Call to recognise South Sea Islanders

THE plight of South Sea Islanders, whose blood and sweat helped grow the North Coast's banana and sugar cane industries, has been marked in NSW Parliament.

In a rare show of unity, North Coast Minister Don Page joined Sydney Independent MP Alex Greenwich in calling for the house to recognise August 25 as Australian South Sea Islander Recognition Day.

Speaking to the motion, which also calls on the Federal Government to recognise the contribution Islanders made to Australia, Mr Page said many of the 60,000 Melanesians kidnapped or lured to the country 150 years ago, were sent down the Tweed River.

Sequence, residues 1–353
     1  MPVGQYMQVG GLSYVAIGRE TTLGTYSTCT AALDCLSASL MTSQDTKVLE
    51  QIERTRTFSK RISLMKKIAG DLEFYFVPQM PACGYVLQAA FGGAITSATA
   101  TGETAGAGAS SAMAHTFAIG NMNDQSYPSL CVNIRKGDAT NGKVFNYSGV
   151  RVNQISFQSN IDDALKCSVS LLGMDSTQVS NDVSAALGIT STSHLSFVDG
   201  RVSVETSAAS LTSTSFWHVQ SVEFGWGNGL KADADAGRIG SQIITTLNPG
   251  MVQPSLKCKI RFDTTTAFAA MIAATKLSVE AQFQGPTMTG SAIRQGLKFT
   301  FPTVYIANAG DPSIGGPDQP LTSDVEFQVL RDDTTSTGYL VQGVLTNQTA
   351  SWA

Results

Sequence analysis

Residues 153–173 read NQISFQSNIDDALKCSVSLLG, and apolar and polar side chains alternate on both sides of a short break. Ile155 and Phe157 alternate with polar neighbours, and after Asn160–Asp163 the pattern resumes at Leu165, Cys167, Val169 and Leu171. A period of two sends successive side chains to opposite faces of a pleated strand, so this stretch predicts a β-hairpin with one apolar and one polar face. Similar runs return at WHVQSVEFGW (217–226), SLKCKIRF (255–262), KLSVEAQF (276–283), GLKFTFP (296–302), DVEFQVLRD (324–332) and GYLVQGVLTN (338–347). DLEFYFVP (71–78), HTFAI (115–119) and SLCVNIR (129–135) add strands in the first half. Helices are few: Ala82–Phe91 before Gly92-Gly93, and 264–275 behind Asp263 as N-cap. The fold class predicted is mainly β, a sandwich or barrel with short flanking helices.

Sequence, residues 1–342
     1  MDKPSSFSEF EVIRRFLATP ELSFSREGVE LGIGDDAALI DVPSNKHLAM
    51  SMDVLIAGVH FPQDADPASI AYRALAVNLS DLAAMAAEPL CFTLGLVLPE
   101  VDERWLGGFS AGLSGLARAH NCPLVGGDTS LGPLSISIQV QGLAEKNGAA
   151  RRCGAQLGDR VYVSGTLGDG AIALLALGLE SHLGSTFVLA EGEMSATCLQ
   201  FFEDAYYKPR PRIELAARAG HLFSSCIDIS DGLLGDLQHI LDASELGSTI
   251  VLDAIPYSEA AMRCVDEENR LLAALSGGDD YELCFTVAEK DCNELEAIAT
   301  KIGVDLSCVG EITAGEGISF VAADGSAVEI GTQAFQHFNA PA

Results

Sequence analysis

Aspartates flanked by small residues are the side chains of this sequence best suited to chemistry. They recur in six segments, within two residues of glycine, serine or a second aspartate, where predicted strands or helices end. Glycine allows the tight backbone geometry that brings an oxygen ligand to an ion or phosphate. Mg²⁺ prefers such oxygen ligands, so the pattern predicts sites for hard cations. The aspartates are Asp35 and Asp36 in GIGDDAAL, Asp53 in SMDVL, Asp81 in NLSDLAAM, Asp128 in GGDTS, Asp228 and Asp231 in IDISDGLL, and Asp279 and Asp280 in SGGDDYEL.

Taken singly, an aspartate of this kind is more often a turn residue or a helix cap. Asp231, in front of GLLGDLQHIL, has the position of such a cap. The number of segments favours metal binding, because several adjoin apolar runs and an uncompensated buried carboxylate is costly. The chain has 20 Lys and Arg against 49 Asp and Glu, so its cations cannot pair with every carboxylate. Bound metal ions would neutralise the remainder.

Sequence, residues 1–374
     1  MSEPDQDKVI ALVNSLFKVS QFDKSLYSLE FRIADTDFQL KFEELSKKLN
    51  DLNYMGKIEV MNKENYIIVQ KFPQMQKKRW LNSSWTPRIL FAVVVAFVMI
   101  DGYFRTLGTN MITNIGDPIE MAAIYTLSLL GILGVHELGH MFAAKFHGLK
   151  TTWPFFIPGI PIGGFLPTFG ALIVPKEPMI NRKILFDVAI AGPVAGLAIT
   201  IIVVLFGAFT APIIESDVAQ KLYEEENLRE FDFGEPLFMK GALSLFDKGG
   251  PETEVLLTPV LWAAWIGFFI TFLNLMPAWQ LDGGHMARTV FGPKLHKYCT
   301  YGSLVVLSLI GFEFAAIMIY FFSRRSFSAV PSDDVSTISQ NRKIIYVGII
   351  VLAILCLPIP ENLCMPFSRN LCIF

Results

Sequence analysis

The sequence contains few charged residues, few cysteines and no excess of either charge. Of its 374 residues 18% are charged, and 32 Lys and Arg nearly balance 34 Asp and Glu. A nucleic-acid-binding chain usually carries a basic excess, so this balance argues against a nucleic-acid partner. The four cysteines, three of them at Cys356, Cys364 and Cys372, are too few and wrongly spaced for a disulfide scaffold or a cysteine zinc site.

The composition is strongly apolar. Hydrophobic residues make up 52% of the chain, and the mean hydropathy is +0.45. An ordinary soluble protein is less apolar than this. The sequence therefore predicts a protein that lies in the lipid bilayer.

From there, they worked on the cane fields in the Brunswick Valley and Cudgen where they were integral in developing the sugar, banana and timber industries as well as clearing land in what is now rich dairy country.

Up to 30% of the young men, aged between their teens and early 30s, died from diseases common to the European community.

They worked in harsh conditions for low pay rates, set under the White Australia Policy.

The history of the Islanders is also evident in regional namesakes like Wategos Beach at Byron Bay, but Mr Page said even more needed to be done to "give people a better understanding of this dark chapter in our history".

"I have no doubt that there has been insufficient recognition of the plight and circumstances of South Sea Islanders in Australia...," Mr Page said



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